know the expectations of them as well. We must let them know the good, the bad and the ugly so they know what they are signing off for. They must not compare other people’s experiences with theirs. You can learn from others but don’t assume that your mother/father’s marriage experience would be what your is. You must learn form their marriages but not stereotype that all marriages are going to end up like theirs. We should learn to ensure that you compliment each other and not compete against each other. In our changing world and economy, roles might change within the marriage, both spouses must see this as a partnership/Joint venture and not a competition. Be ready to each take responsibility for certain things and be appreciative of each other. Sometimes one might not be financially active but then substitute with other things that compensate for that area i.e. giving up time etc. 

With all these said… Why are we still seeing high divorce rates? Is it because that we are becoming less tolerant? Are our values and beliefs based on the 5 pillars not relevant anymore? Do we lack patience? Are we going into the marriage with the wrong expectations? Are we preparing our children for marriage or are we just allowing them to define and prepare themselves? 

There is some responsibility and accountability required of us as parents, aunties, and uncles to ensure we support and prepare our children for this thing called marriage. Mother/Aunties – we need to ensure our daughters and nieces, understand what is expected of them in marriage. Do we teach them respect, compromise, how to clean, cook, take care of themselves etc as we encourage them to be very independent, we must also equip them with other soft skills as mentioned above? We must teach them to respect their brothers and start practicing those skills with their brothers, dad at home. We should also teach our sons and nephews how to do the same cooking, cleaning, respect for their sisters, mothers, and wife in future. We must teach them to be responsible, take care and love their wife like Christ loved the church. 

For the fathers – you must treat and love your wife’s like Christ loved the church. The way you treat your wife is what your son sees and thinks a woman should be treated. Your daughters would also accept same from their future husbands as that is how they have seen their fathers treat their mother. I always tell people that we never prescribe things to our children, however they watch us and emulate what they see. We are all role models to them and so we must ensure we behave the way we want them to behave in the future.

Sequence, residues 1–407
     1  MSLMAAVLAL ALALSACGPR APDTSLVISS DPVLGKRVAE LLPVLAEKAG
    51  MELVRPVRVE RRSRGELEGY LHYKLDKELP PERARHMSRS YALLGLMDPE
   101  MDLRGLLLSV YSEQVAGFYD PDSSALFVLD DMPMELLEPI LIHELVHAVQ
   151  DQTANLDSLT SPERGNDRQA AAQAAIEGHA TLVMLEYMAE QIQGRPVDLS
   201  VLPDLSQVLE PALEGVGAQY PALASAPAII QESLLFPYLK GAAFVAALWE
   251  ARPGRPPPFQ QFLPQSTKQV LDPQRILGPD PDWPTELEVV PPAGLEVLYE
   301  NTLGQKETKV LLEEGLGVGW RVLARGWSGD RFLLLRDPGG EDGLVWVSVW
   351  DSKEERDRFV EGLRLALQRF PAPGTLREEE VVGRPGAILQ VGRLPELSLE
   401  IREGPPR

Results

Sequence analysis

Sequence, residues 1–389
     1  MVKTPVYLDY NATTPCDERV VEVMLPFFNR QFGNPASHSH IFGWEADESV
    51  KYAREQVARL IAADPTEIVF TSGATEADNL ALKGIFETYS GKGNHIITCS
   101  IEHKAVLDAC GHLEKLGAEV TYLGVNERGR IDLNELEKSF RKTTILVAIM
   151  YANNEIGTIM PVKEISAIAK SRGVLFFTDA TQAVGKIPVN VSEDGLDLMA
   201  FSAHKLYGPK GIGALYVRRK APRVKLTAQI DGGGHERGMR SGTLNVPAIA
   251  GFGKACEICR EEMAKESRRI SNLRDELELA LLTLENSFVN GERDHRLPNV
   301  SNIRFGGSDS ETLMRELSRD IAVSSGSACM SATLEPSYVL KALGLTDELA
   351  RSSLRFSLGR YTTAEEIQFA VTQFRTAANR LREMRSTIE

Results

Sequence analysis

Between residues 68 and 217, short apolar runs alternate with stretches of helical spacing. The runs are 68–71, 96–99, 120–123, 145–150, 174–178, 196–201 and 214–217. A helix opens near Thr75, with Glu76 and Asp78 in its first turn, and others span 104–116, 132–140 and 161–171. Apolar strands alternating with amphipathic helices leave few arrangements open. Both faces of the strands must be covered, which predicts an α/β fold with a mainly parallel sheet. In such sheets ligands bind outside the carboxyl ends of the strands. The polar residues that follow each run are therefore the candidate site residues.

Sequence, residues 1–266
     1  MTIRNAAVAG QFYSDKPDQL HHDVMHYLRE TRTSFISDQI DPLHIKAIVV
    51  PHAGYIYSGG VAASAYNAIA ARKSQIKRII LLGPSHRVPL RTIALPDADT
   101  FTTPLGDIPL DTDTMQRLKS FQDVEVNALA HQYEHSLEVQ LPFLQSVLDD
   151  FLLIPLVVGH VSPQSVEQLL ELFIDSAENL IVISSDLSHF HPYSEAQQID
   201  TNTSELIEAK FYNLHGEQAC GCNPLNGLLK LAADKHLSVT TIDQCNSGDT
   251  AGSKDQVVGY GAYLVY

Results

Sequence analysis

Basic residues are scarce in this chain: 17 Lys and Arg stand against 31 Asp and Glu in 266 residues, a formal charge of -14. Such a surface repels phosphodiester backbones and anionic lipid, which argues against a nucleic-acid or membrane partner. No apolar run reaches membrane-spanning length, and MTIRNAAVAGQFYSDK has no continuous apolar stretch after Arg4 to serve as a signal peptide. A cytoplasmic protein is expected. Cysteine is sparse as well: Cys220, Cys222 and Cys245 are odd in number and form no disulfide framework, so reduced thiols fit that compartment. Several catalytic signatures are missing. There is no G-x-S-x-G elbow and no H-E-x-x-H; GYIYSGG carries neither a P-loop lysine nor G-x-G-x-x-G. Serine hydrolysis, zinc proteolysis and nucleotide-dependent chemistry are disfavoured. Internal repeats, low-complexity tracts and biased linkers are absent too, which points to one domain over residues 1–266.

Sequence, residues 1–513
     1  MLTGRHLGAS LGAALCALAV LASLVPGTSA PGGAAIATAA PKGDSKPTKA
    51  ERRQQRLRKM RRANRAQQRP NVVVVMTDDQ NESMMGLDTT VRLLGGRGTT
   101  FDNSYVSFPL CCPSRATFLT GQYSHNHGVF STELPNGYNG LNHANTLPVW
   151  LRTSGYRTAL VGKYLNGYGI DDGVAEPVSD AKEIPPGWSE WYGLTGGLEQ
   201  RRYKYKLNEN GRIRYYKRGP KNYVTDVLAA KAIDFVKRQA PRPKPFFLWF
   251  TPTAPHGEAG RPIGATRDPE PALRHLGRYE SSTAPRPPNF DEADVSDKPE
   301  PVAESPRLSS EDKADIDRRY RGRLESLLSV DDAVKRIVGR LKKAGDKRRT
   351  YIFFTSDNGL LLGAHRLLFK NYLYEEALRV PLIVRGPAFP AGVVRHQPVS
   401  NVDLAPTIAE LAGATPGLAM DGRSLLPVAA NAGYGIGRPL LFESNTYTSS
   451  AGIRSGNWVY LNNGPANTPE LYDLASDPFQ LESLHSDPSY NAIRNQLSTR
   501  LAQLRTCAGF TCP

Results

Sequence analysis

We must be positive role models to our children and ensure that we pass on the right culture and belief to them. We must love them, so they understand what love is and are able to them ascertain when someone loves them. As a child my father taught, me what true love was, so that was the standard I expected from any man that wanted to marry me. I was very clear that if a man did not love me like my father did, he was not worth it. We must get our daughters to do the same, so they do not accept substandard spouses. For the boys, they need to be aware of the same love as well and ensure they are able to ascertain when a woman really loves them for the right reasons. 

There are four tips that I would like to leave with each and everyone of us about marriage: 

· Know yourself and share that knowledge with your spouse 

· Know how to trust your spouse even if there are doubt. Be deliberate about building the trust. 

· Know how to forgive and forget. Talk about mistakes and move on. Do not hold on to the past as it limits your from moving forward. 

· Always compromise. Compromise! Compromise!! Compromise!!! You might have to accept standards that are lower than is desirable. Not saying you accept and not do anything about it. Accept it knowing that you both come from different backgrounds etc. so you might have to collectively work on these areas to get the other to your desired standard. This must be done with love and not in a disrespectful way.